In overcoming our self-imposed objection in this way, we do not wish to imply that the properties of an object are not a part of a system of sympathetic relationships. Quite the contrary: we hold that the facts we have just mentioned are of the utmost importance. They have been called 'signatures', that is, symbolic
correspondences. They provide, in our opinion, examples of a classification similar in many ways to those studied in Année Sociologique [1948-9?]. Things which are grouped together under this or that astral sign belong to the same class, or rather to the same family, as the astral body, its region, its mansions, etc. Those which have the same colour, the same shape and so on are believed to be related because of their colour, their shape, their sex. The grouping of things by opposites is also a method of classification. It is really a way of thinking which is basic to all magical systems, that is, the division of everything into at least two groups: good and evil, alive and dead. In this way, the system of sympathetic and antipathetic magic can be reduced to one of classifying collective representations. Things affect each other only because they belong to the same class or are opposed in the same genus. It is because they are members of one and the same family that things, movements, beings, numbers, events, qualities gain a reputation for being similar. It is also because they are members of the same class that one can act on another, it being held that a similar nature is common to a whole class, in the same way as the same blood is held to diffuse throughout an entire clan. As a result, they are involved in relations of similarity and continuity. Furthermore, from class to class we find oppositions. Magic becomes possible only because we are dealing with classified species. Species and classifications are themselves collective phenomena. And it is this which reveals both their arbitrary character and the reason why they are limited to such a small number of selected objects. In fact, when we are dealing with representations of magical properties we find ourselves in the presence of phenomena which are comparable to those of language. Just as no object has an infinite number of names, so, with regard to things, the number of signs is restricted. And just as words have only a distant relationship, or none at all, with the things they describe, between a magical sign and the object signified we have very close but very unreal relations-of number,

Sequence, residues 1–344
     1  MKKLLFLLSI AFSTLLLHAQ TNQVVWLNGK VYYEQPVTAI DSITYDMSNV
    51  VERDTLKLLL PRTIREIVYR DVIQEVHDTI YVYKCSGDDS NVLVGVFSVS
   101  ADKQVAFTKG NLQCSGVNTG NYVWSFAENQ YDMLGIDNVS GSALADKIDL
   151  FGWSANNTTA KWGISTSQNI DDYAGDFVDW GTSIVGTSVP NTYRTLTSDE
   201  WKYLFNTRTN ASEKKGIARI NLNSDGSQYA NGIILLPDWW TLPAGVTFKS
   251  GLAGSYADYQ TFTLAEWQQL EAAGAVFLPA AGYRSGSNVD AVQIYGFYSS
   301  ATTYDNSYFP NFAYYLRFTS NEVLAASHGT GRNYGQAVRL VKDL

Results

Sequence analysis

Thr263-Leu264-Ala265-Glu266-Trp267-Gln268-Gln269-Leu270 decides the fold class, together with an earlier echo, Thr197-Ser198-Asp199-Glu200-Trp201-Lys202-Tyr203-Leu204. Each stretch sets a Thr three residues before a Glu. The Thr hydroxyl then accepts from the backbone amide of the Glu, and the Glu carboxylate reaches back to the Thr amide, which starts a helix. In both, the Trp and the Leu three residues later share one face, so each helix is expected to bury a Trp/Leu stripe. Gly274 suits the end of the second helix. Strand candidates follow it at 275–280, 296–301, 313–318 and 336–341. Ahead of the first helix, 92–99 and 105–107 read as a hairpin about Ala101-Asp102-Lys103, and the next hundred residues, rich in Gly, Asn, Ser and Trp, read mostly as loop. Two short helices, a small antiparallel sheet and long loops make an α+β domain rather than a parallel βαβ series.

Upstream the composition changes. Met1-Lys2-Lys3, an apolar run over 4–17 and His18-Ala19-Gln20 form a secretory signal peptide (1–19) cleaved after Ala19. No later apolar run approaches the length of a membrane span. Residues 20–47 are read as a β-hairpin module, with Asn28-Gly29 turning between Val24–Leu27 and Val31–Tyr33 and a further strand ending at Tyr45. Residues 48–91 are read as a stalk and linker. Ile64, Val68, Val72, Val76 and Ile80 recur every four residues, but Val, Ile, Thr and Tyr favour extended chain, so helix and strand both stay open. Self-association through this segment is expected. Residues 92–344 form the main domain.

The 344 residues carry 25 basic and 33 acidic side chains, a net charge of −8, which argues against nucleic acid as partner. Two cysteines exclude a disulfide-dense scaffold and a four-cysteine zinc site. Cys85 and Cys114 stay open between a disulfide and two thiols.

sex or image, qualities which in general are quite imaginary, but imagined by society as a whole.